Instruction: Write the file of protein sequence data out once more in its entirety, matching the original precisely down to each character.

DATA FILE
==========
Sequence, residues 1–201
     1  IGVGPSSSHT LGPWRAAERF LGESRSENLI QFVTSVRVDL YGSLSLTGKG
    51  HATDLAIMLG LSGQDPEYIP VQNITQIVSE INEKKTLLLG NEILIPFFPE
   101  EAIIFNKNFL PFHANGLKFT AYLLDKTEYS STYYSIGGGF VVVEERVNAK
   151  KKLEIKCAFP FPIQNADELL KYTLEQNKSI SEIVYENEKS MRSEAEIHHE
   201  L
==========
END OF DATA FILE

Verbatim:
Sequence, residues 1–201
     1  IGVGPSSSHT LGPWRAAERF LGESRSENLI QFVTSVRVDL YGSLSLTGKG
    51  HATDLAIMLG LSGQDPEYIP VQNITQIVSE INEKKTLLLG NEILIPFFPE
   101  EAIIFNKNFL PFHANGLKFT AYLLDKTEYS STYYSIGGGF VVVEERVNAK
   151  KKLEIKCAFP FPIQNADELL KYTLEQNKSI SEIVYENEKS MRSEAEIHHE
   201  L